July 2, 2012 – Lee Cain, charged with growing between five and 20 marijuana plants in his home, admitted to growing four at his plea hearing. He said five at his sentencing hearing.
In a post-conviction motion for relief, Cain wanted to withdraw his no contest plea, arguing that he did not admit elements of the charged offense at the time of his plea, and thus it would be a manifest injustice to uphold the plea as knowing, voluntary, and intelligent.
However, a Wisconsin Supreme Court majority disagreed in State v. Cain, 2012 WI 68 (June 28, 2012), noting that courts can review the entire record to decide whether a plea should be withdrawn.
“In a word, it would simply not make sense to vacate a conviction as the result of an error at a plea hearing when later proceedings unambiguously demonstrate that the error did not give rise to a manifest injustice and that the plea was valid,” wrote Justice Michael Gableman.
The court recognized that defendants who move to withdraw pleas after sentencing must show a manifest injustice will occur if the plea is not withdrawn.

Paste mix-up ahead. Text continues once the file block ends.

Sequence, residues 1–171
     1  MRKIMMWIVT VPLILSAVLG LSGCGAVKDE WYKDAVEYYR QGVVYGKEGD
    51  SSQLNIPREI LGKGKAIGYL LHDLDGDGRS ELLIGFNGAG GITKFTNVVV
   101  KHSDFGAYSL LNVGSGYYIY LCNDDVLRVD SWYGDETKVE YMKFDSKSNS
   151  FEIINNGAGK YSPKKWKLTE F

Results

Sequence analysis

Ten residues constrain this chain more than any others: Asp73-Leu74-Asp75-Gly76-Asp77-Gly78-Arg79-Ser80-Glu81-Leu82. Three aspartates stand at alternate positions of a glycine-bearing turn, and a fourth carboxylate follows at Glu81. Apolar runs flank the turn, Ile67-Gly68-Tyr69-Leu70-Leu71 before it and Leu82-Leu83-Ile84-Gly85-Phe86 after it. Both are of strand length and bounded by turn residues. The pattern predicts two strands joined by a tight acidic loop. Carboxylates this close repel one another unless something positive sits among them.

A manifest injustice can occur if the defendant does not ratify the plea, that is, waive the elements of the crime that the state would be required to prove beyond a reasonable doubt.
Cain says he only admitted to growing four plants at the plea colloquy, so he did not ratify the no contest plea to the charged offense, manufacturing more than four plants containing THC.
But the supreme court clarified that courts can review the entire record, not just the record from a plea colloquy, to determine whether a plea was ratified.
“This is so because while the plea may have been invalid at the time it was entered, it may be inappropriate, in light of later events, to allow withdrawal of the plea,” Justice Gableman wrote.
The majority explained that Cain admitted to growing five plants at the sentencing hearing, and Cain’s attorney argued that Cain should receive a light sentence, “even with the 16 plants.”
“Cain’s statements and actions, when viewed in the totality of the circumstances, demonstrate that he personally entered and ratified his plea of no contest,” Justice Gableman explained.
Chief Justice Abrahamson wrote a concurring opinion, concluding that Cain entered a knowing, voluntary, and intelligent plea – based on the plea transcript – and the majority’s decision to recast the defendant’s argument based on ratification was “puzzling.”
“Beyond my concern that the majority improperly recasts the defendant’s argument as something that it is not, I question why the majority feels the need to recast the defendant’s argument at all,” she wrote. “As far as I can tell, the outcome of this review does not hinge on the majority’s reconstruction of the defendant’s argument.”
Assistant State Public Defender Faun Moses represented Lee Cain. Assistant Attorney General Thomas Balistreri represented the state.
Joe Forward is the Legal Writer for the State Bar of Wisconsin.